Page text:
Due to the lack of support on the government’s part, the art world has decided to take matters into its own hands and fight in the name of Beirut’s cultural identity.

Karim Sakr - La Maison Rose, Beirut; Photo courtesy of Karim Sakr, Maria AchkarKarim Sakr – La Maison Rose, Beirut; Photo copyright Karim Sakr, courtesy Maria Achkar

Among many others, Mansion and La Maison Rose have marked themselves as being perfect representatives of such a shift.

The manager of Mansion, Ghassan, shared with us the story of how he advocated for the preservation of the villa, while making use of it:

“For many years I passed by this old abandoned house and always had this idea of turning it into an artistic space. And one day, I had the curiosity of entering the old villa and was told that the owners were close by. So I decided to go talk to them and, surprisingly, they loved the idea, and here we are now.”

The villa has transformed into a multi-purpose artistic space, encompassing a library along with an open reading space for the public. The center also hosts exhibitions, discussions and film screenings and offers 10 working studios. One part of the upper floor has also been changed into a guest room for short-term stays, allowing artistic performances and yoga classes to be held in the other half.

La Maison Rose, a 19th century villa, is also a perfect example of preserving old Lebanese architecture and its heritage.

As the resident, Faya Al Khazen, was about to leave, artist Tom Young contacted her, as he was interested in using the space for a summer. Fearing that the owner’s departure would result in the mansion being replaced by a modern skyscraper, Young contacted the new owners and proposed his plan to use the villa as an exhibition venue.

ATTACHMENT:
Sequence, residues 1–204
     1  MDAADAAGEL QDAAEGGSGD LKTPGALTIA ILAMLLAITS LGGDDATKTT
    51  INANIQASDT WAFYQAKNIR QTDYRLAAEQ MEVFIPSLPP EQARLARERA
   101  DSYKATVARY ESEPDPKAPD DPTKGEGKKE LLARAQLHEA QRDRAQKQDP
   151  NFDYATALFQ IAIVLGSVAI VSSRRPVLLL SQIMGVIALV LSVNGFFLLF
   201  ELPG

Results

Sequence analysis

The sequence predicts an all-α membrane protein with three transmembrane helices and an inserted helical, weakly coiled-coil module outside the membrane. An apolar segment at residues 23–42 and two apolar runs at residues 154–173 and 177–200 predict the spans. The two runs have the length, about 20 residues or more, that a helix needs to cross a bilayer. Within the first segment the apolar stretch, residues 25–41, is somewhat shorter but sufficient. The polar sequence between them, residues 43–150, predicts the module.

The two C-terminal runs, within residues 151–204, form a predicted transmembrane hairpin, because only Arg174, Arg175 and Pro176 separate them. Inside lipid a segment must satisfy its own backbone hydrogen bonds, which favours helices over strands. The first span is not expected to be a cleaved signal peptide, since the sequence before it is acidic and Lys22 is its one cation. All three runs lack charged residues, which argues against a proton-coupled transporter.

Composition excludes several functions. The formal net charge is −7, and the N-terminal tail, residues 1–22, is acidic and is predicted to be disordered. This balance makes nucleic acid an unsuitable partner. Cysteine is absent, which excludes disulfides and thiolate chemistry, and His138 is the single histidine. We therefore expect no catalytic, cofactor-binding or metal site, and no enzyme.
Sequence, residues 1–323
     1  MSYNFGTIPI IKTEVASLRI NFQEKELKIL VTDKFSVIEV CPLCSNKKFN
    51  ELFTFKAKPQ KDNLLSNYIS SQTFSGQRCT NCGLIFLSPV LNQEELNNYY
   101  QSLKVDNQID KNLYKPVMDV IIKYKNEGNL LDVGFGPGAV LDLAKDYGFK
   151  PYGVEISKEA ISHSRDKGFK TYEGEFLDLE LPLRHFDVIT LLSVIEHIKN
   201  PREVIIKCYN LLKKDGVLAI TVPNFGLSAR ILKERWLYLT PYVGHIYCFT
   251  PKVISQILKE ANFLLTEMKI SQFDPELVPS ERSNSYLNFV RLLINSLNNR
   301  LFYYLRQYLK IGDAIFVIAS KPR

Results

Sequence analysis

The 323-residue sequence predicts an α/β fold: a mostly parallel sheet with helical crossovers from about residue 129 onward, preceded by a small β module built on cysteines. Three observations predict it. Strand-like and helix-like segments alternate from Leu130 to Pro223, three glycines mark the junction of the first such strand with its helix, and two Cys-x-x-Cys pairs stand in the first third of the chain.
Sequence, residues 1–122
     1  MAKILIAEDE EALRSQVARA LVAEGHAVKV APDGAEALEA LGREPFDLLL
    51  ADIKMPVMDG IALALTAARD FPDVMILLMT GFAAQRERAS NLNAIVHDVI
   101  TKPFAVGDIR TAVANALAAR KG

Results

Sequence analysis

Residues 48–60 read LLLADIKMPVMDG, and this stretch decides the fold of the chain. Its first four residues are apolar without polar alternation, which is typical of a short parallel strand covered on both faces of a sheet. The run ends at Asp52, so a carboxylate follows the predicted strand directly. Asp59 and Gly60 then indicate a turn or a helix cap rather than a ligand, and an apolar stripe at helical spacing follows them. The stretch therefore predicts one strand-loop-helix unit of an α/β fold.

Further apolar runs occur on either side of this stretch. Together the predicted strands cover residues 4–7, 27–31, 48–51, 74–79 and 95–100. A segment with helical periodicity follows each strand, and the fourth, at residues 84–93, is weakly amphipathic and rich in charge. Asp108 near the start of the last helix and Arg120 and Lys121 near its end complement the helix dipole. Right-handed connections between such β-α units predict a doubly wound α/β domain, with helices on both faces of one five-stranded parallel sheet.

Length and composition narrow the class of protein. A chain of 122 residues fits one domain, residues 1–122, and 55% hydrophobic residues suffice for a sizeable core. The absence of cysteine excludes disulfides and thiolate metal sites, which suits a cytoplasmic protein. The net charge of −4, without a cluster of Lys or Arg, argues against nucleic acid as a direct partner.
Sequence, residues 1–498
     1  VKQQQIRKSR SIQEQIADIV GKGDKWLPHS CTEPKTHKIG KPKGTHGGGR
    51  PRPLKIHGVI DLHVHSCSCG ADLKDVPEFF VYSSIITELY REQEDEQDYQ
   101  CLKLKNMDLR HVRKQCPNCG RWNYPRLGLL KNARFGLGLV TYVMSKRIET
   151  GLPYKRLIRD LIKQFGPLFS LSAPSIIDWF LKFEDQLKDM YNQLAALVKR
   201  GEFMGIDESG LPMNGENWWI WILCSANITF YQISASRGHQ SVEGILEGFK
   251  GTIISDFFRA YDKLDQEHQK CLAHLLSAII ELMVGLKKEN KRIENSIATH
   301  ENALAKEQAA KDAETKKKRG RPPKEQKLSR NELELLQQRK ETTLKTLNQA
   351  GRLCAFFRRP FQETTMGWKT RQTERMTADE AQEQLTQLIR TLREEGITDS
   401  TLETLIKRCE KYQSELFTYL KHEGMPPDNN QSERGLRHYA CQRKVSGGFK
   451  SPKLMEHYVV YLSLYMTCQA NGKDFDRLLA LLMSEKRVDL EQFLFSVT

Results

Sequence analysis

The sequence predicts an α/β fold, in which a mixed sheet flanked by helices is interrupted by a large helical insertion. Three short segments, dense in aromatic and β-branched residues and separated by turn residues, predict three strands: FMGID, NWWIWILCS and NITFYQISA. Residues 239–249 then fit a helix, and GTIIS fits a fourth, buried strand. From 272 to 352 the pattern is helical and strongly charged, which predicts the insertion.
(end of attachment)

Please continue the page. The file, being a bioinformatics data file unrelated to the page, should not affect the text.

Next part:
Having previously transformed Villa Paradiso in Gemmayze, Beirut into an exhibition space, he was interested in continuing with similar projects. His exhibition focused on capturing the essence and last breaths of the space. Young spoke of his passion for “finding old buildings that were endangered and making work in them and about them. Trying to capture the last days, trying to capture the spirit, the atmosphere of these places, the sense of loss, the sense of the spirit and the life that used to be there. And use art as a way to bring life back to these empty spaces.”

There is a stream of consciousness expanding in Beirut to save architectural heritage that reflects on the very identity of the city. That’s when the power of art comes into play, applying to an old soulful architecture a contemporary and meaningful touch. After all, art is inextricably woven into the fabric of urban life and culture.

Maria Achkar - Villa Paradiso, Beirut; Photo courtesy of Maria Achkar
Berlin-Art-Link-VillaParadiso-Beirut-MariaAchkar3Maria Achkar – Villa Paradiso, Beirut; Photo courtesy of Maria Achkar

Maria Achkar has a Master’s in Electronic Arts from Goldsmiths College, University of London (2013). With her background in Fine Arts, her work focuses mostly on Visual Art, which she often uses to write about how the process of creating art is deeply related and rooted to the concept of Identity. Maria is a freelance writer/photographer/illustrator based in Lebanon.